“Marketplace plans can’t deny you coverage or charge you more just because you have any pre-existing condition, including mental health…”Healthcare.gov
1. Mental Health & Health Insurance
Thanks to the The Mental Health Parity and Addiction Equity Act of 1996 (MHPAEA), you can’t be denied health insurance due to mental illness.
But a 2018 article in USA Today said that insurance companies add roadblocks that discourage professionals from accepting the very people they insure, “…reimbursement rates through private insurance plans were far lower for mental health and substance use disorder treatment providers than they were for other medical providers, relative to Medicare rates. When insurance plans do not reimburse providers adequately, many choose not to participate in the plans’ networks.”
However, that same article suggests–nay–strongly encourages you, should you ever be denied coverage for mental health, to appeal the denial. Click the USA Today link in the last paragraph for more on that process.
Now here’s the part that gets weird:
2. Mental Health and Life Insurance
There’s no laws saying life insurance providers can’t treat you differently (aka charge your more) because of your history. Accodring to Insurance.com you may pay higher life insurance premiums if:
- You’re on multiple medications
- Have been hospitalized as a result of mental illness
- Have other health conditions related to mental illness, such as a history of drug or alcohol misuse
- You have a history of suicide attempts
And Bankrate.com gives this list of conditions that, if you’ve been diagnosed, may affect what you pay:
- Anxiety disorders
- Attention Deficit Hyperactivity Disorder (ADHD)
- Bipolar Disorder
- Borderline Personality Disorder (BPD)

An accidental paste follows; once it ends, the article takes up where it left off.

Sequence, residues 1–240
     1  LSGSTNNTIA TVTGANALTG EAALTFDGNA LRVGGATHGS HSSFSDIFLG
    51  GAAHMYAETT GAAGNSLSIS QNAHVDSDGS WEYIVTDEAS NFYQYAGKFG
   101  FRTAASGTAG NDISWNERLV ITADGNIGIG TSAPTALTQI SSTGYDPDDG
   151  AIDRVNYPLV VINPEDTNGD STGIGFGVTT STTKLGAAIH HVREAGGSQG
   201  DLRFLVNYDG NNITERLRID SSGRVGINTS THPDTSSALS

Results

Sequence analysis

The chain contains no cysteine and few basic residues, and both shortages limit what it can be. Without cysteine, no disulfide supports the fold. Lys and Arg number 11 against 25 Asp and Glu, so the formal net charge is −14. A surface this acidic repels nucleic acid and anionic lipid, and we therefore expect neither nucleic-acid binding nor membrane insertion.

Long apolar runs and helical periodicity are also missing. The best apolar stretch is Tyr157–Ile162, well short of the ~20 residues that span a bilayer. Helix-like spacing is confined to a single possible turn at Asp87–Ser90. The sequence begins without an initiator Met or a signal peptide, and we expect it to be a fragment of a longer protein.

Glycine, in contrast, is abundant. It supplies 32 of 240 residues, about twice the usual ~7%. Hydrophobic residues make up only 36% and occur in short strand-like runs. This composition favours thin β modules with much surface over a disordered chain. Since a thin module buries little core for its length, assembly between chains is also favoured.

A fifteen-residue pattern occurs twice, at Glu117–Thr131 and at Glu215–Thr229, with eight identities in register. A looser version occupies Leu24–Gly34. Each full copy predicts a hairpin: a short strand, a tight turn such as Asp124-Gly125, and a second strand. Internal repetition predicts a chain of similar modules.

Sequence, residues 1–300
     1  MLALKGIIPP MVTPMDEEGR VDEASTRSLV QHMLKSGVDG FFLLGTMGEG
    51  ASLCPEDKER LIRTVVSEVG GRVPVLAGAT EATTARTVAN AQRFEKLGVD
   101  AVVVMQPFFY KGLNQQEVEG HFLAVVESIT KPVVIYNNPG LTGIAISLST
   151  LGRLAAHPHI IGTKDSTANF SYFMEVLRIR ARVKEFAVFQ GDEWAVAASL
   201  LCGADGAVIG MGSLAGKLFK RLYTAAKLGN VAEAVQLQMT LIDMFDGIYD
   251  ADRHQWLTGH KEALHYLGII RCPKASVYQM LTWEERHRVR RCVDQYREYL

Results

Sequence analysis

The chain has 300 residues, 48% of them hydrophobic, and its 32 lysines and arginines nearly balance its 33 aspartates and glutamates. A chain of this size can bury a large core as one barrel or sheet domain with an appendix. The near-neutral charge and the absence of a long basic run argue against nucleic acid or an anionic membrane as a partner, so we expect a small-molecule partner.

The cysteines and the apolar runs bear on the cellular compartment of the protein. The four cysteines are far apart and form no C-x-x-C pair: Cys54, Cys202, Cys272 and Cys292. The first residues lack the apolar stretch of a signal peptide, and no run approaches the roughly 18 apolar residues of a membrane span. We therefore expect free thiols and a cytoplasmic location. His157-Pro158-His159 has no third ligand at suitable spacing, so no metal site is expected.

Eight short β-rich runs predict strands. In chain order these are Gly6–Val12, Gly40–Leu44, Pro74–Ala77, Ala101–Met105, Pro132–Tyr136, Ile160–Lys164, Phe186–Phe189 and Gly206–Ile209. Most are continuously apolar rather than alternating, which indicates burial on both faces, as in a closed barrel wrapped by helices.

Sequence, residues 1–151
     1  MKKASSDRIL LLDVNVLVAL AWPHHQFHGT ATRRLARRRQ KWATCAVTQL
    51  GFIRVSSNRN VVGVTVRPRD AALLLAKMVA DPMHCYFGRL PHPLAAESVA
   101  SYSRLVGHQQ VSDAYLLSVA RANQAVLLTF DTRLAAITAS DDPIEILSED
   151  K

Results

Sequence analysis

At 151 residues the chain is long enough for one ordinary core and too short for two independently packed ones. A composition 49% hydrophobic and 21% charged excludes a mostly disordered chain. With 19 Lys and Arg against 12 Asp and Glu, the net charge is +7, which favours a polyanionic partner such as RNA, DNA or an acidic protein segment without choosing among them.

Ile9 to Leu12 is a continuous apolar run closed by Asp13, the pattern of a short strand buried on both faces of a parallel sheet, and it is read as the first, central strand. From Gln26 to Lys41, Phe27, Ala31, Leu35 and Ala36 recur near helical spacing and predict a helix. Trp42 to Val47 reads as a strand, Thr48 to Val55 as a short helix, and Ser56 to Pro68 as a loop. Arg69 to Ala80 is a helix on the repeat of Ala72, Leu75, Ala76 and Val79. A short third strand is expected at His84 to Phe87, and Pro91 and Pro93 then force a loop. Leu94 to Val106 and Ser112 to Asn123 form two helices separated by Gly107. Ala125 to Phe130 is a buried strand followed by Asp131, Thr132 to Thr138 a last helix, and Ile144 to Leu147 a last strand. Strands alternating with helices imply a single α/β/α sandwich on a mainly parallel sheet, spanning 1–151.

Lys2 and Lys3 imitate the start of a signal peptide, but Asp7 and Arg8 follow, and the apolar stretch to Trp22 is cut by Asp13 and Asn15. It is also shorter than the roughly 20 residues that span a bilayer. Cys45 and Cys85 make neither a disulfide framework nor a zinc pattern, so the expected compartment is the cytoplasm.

- Dissociative Disorders
- Eating disorders
- Obsessive-Compulsive Disorder (OCD)
- Post-traumatic Stress Disorder (PTSD)
- Schizoaffective Disorder
And don’t lie about your mental health; insurance companies are able to use medical databases to confirm what you tell them–they don’t appreciate being misled.
3. Mental Health Gone Rogue
Some mental healthcare providers are going to great lengths to protect their patients. Verywellmind.com had an interesting article. In it they interviewed a mental health professional who said they only use written prescriptions, don’t use electronic files, and only send their patients to independent pharmacies that don’t use the medical databases. This is great except for one thing…
It costs a buttload and it’s all out-of-pocket.
4. Other Mental Health Options
In an NBCnews article, Sonya Veytsman, LCSW, suggests reaching out to the National Alliance on Mental Health (NAMI). “They have a helpline that offers free help 24/7. All you need to do is text NAMI to 741741.” The article also said that private therapists will charge as low as $10/hour for clients who need a little financial help getting their services.
There’s several telehealth companies that boast cheaper services.
And if you want to see if you qualify for Medicaid, click here. What’s Medicaid? Well, it “provides health coverage to low-income families and individuals, including children, parents, pregnant women, seniors, and people with disabilities; it is funded jointly by the federal government and the states (Policy Basics).
Before You Go…
I hope this helps–or is at least mildly interesting–moving forward. If you don’t feel right, it’s more than OK to seek help. As the guys from Threads Podcast: Life Unfiltered say, “Healthy people go to therapy.” If you need it, find it.
And subscribe to the BLOG for more posts like this one, or for classics like 4 Important Hormones for Your Mental Health (And Natural Ways to Boost Them), I Wish I Wasn’t the Only Person with Mental Health Issues, and Mindfulness: Powerful Self-Care for Your Mental Health.
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Thanks for checking in. Take care of yourselves. Hope we see you back!
Christopher Tallon writes, podcasts, and…wait a second. Are you actually reading this? High five! Follow me: